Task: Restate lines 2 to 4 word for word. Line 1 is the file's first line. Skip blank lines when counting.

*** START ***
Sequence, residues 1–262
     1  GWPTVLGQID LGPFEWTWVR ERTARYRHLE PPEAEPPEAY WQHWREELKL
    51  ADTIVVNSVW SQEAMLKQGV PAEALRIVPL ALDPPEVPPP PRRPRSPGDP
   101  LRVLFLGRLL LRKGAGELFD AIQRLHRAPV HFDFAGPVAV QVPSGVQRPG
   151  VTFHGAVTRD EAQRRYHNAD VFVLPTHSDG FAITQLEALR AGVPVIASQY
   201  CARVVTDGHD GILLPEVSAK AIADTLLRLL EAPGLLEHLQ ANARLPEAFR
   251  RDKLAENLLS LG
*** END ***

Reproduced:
     1  GWPTVLGQID LGPFEWTWVR ERTARYRHLE PPEAEPPEAY WQHWREELKL
    51  ADTIVVNSVW SQEAMLKQGV PAEALRIVPL ALDPPEVPPP PRRPRSPGDP
   101  LRVLFLGRLL LRKGAGELFD AIQRLHRAPV HFDFAGPVAV QVPSGVQRPG